-to-speak sad pop. A gem, complete with
the sound of the singer’s girlfriend’s
train pulling away as she leaves him
All ready for plenty of plays
New York duo’s 3rd self-issued release
starts off by hawking a loogie in the face of
corporate first-track loading, with a silent
first song. Shortly thereafter the silence
is shattered…again and again. Guitarist
Gerard Cosloy, from the no pain, no sustain,
no gain school crosses Major Stars with minor
riffs…that lock in and repeat like hornets’
nests. Lots of overdubbing about the head
and ears. New Zealand/Yorker Claire Pannell’s
random drumming seems over-matched much of
the time…perhaps if it were mic’d a little
better, it would seem more emotive and less,
uh, limp. But Cosloy’s the focus here, his
feedfreak-backout guitar and sonar-sweep
effects guarantee an unsafe flight.
Okay so Victor Dimisich is not a guy, well at
least not a guy in this band…he might be a
postman or Native Waiter down in New Zealand.
This is archival music sharing a family tree
with The Terminals and Scorched Earth Policy.
Like the latter, this is released on drummer
Peter Stapleton’s own label. Though dour and
often downbeat, these songs are remarkably
infectious…with quavering deep anthemic vox,
marching drums and scratchy guitar chords(like
a rifle loading with a click). There is an air
of insurrection here that recalls the 60’s a
helluva lot more than the 80’s when it was
recorded. The first 5 cuts were originally an
EP on Flying Nun, the rest were recorded live
by a walkman in a pitcher of ale for lo-fi
enthusiasts. Still a raw insurency bleeds thru
..thanks to deft use of the speed-up/slow-down
dynamic rock maneuver.
Behold the Ghost of New Wave past. Preset
sins of the synthesizer, rattling guitar
chains and tortured vox wrapped around
tortured lyrics. You know, oblique lines
like “there’s no ceiling on the aquiline”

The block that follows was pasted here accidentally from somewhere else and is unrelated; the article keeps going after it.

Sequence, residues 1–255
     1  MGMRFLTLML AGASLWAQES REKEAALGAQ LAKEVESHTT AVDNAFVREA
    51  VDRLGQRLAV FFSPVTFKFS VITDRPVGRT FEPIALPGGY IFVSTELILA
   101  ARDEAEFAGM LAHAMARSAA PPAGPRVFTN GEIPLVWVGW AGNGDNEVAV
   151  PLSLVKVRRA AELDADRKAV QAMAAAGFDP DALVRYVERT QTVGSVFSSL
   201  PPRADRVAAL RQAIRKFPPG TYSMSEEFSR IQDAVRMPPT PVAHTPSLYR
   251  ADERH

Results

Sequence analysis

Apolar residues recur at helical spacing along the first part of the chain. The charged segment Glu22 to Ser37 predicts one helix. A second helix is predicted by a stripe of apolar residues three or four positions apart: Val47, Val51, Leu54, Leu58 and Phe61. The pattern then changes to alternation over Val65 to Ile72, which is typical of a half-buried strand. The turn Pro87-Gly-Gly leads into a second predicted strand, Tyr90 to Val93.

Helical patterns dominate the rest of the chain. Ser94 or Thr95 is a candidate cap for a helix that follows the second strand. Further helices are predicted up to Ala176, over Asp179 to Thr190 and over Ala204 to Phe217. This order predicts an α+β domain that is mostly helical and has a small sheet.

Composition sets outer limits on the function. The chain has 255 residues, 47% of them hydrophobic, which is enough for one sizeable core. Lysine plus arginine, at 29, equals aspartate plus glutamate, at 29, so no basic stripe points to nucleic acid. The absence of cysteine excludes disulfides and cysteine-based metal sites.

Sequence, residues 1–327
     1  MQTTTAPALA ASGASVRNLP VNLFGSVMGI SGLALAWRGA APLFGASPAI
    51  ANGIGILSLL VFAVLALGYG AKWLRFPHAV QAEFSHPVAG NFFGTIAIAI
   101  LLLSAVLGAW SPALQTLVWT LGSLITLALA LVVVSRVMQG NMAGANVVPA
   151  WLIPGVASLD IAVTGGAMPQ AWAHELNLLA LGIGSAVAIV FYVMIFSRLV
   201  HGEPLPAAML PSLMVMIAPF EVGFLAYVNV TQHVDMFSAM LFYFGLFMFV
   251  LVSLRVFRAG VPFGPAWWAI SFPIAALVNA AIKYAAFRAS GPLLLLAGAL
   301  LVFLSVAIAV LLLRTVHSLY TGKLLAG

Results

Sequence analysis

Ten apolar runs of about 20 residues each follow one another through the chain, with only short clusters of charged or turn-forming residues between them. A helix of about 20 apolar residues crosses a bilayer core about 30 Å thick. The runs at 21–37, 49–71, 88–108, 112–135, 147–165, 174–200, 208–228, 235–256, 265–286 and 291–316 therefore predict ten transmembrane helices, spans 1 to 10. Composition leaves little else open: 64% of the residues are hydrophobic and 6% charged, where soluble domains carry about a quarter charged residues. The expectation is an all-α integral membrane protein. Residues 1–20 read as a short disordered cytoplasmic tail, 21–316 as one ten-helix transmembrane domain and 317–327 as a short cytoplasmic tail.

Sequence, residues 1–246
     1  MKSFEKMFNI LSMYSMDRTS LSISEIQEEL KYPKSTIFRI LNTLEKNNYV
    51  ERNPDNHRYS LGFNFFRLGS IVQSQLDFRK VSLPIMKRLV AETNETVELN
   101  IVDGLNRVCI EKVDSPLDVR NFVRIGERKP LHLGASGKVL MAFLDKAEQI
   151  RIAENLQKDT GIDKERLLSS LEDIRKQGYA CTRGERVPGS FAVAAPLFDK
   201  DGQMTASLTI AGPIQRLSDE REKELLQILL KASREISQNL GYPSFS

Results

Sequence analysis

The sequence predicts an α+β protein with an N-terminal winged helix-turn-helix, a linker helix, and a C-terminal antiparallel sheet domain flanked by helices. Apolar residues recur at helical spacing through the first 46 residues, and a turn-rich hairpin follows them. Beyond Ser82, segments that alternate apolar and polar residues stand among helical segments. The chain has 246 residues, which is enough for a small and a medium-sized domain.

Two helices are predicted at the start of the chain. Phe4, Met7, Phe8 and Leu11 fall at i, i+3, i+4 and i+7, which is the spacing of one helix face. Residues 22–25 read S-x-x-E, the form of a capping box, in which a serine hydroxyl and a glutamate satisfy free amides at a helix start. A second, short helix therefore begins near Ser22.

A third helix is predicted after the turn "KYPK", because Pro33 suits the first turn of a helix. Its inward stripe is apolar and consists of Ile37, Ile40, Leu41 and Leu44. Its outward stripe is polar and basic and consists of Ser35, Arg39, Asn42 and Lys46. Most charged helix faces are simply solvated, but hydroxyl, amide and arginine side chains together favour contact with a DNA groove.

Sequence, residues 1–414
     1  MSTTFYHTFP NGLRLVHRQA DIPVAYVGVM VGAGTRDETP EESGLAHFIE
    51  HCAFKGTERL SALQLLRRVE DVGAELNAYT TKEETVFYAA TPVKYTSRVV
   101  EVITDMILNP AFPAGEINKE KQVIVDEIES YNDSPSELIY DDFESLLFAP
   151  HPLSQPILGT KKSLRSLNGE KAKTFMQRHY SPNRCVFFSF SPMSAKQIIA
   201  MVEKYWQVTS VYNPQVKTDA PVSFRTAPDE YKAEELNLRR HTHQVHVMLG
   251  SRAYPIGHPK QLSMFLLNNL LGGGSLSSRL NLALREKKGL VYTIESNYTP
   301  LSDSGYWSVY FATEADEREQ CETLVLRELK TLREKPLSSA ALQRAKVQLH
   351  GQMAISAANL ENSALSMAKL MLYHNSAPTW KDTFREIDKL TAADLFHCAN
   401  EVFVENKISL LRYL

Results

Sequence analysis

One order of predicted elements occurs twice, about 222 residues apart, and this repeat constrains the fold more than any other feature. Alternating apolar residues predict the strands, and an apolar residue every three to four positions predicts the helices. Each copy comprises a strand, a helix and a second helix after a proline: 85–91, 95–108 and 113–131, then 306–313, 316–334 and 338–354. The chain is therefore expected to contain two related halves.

…lyrics just twisted enough to make you
think *maybe* they were cribbed from
Mallarme or some other French poet. Well,
maybe not. Actually two tracks are instros
#1- horror-at-the-skating-rink organ
#4- haunted saloon piano
This Christmas give the Cratchet child some
blue eyeshadow, Kevin O’Dante’s crusty Echo
and the Bunnymen t-shirt and this E.P.
Devin Sarno, a bass drone cronie gets another rise
out of Nels Cline-guitar hero! Nels shimmerscrapes,
spelunks, incinerates, claws through his pickups,
even six-string sings to Godzilla (“Forgive” early).
Glacier fracture guitar and effects. Except for an
icy sci-fi riff in “The Moon is Your Moon”, and a
kimono-floating-on-the-water melody midway through
“Forgive” this is brashly beautiful though tuneless
turbulence. Instro brainwave harmonics — distilled
essence of rock and roll, formula free, 190 proof
guitar. A winner for Devin’s own label, check his
solo work as Crib.
Here though, it’s Nels in Excelsius!
Organic ambience, piano notes ripple through
waves of cello and violin. Chilled chamber
configuration. Short instro pieces that
all float connected by a rather large grey
cloud. Somber and stately, perhaps a bit
melodramatic for some. Resignation with
resonance. Like the glorious “Apollo” release
with brother Brian, here each sonic syllable
lives a nice long lingering life, no rushing
to the next bar here. No crowding chords.
Shoot from the hip roadtrip “trios” featuring
#1 Chazam on rubbertube trombone et voice
#2 Gadou on learned and unlearned guitar
#3 the surprise partner…the sounds of
their chosen remote location!
Check the booklet, see the photos, the deter-
mined silliness, the matching coats, the loony
liner notes. It will make you love the tracks
and this project even more! The guitar is
quite varied. Chazam’s spasm-vox and trombone-
jour cover some pretty unreal estate, but the
key here is location, location, location!
This album is on the move! -Le Hunger
12345 S. El Monte Road Los Altos Hills, California 94022
Public Inspection File